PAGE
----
Saturday, November 1, 2008

NJ: "Ride to Carpentersville via Riegelsville"

Saturday, November 1st: With temperatures having warmed up, and no snow in the lower elevations, our "Ride to Carpentersville" was on.

The truth of the matter is that there isn't much to see in Carpentersville, NJ, but it's an interesting place to pass through. You don't pass through by accident, you must plan your route there as it's off the beaten track. But, getting there is the fun. Some history: Carpentersville is named from Jacob Carpenter, who came from Switzerland in 1748. His two sons, Jacob and John, passed their lives in this vicinity. Jacob left two sons, Jacob and Charles, and John two sons named Isaac and William. The Carpenter family is inter-married with the Kennedy, Stewarts and other' prominent families of this and adjoining townships. Carpentersville is a station on the Pennsylvania railroad, which reached this point in 1854. Roper's Feiry was operated here as early as 1769.

Fourteen intrepid explorers started from Bloomsbury on an overcast day. From there we climbed via Staats Road (a lot of groaning and moaning), and wound our way to Milford via Little York. From Milford we headed north on River Road along the Delaware River, stopping in Riegelsville at the suspension bridge designed and constructed in 1904 by John A. Roebling Sons of New York, whose most famous work is the Brooklyn Bridge in New York City. We then continued on to Carpentersville. In Carpentersville we briefly marveled at the high water mark of the flood of 1955 before continuing to Bloomsbury via Oberly Road.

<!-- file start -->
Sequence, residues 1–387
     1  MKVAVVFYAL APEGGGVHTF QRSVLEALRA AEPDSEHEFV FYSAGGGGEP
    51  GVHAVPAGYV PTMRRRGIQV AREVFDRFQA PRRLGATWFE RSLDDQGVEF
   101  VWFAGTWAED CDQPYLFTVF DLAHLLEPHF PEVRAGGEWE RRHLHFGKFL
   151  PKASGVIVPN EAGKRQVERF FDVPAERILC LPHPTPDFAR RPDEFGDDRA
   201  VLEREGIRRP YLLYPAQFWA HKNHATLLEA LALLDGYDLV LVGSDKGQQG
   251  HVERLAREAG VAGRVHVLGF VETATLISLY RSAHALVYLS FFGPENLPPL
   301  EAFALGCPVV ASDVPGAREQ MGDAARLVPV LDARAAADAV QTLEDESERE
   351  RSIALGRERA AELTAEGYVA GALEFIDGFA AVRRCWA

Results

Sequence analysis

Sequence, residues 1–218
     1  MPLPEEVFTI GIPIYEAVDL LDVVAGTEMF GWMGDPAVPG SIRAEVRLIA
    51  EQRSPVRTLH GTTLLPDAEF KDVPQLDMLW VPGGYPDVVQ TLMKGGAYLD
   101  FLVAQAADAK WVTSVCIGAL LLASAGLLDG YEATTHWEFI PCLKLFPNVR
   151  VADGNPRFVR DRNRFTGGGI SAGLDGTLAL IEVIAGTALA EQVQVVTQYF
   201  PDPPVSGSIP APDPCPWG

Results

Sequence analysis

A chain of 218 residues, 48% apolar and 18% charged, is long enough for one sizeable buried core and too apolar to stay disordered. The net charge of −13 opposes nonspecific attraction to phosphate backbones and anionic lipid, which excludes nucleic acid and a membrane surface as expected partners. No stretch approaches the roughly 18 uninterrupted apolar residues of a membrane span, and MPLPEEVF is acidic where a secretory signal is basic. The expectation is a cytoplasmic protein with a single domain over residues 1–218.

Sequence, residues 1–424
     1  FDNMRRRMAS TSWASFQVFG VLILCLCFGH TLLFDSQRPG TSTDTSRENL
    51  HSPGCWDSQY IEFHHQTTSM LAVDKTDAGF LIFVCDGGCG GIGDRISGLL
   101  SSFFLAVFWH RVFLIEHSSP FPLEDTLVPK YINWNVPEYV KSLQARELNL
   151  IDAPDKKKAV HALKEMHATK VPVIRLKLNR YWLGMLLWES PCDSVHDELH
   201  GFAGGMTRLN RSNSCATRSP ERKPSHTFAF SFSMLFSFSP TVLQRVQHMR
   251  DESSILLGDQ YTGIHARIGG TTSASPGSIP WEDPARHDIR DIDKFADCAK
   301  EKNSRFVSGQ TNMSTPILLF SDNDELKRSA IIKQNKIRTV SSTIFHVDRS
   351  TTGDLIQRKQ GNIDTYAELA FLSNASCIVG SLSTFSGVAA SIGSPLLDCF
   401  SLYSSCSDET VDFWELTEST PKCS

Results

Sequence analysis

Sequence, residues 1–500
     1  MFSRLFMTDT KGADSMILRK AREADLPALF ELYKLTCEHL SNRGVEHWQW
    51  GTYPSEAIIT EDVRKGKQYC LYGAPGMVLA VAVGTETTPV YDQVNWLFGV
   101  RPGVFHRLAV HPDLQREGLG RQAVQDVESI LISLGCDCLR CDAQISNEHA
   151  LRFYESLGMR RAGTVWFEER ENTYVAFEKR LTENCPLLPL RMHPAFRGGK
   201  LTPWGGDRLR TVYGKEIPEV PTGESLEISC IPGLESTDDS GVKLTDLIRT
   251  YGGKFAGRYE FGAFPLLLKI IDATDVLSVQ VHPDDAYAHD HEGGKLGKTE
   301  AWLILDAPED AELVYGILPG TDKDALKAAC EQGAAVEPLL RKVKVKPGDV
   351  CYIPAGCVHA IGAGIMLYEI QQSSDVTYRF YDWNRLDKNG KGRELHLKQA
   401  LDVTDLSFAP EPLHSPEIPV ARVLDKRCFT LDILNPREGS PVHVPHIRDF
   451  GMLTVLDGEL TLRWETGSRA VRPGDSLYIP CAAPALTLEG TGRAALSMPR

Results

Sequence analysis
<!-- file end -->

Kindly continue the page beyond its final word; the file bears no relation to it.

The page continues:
A fun ride with friends....
Photos: riders at the Riegelsville Roebling bridge, the bridge, the Delaware River which separates New Jersey and Pennsylvania, passing through farm land, a cottage in Carpenterville with a high water mark of the flood of 1955 (you can see the Delaware River in the background about 35 feet below), everyone had a good time, spectacular foliage, tunnels

Additional facts about the Roebling Bridge:
-the Riegelsville Roebling Bridge is one of the few suspension bridges still in existence, if not the only one, with continuous cables. These cables of America’s first “wire rope” were developed by John Roebling on crude equipment in the meadow behind his Saxonburg, Pa., farm. Roebling’s wire rope was first sold in 1841, and later he applied it in suspension bridge designs.
-was erected at a cost of $30,767. Spanning the Delaware River at 577 feet long and 16 feet wide, it has withstood various floods over the past century, including the raging waters of the 1955 flood caused by Hurricane Diane.
-additional photos and facts:

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